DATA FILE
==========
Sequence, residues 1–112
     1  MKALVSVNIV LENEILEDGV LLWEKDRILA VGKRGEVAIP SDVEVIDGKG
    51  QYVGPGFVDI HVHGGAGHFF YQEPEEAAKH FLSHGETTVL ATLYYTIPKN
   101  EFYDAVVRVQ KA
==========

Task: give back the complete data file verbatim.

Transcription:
Sequence, residues 1–112
     1  MKALVSVNIV LENEILEDGV LLWEKDRILA VGKRGEVAIP SDVEVIDGKG
    51  QYVGPGFVDI HVHGGAGHFF YQEPEEAAKH FLSHGETTVL ATLYYTIPKN
   101  EFYDAVVRVQ KA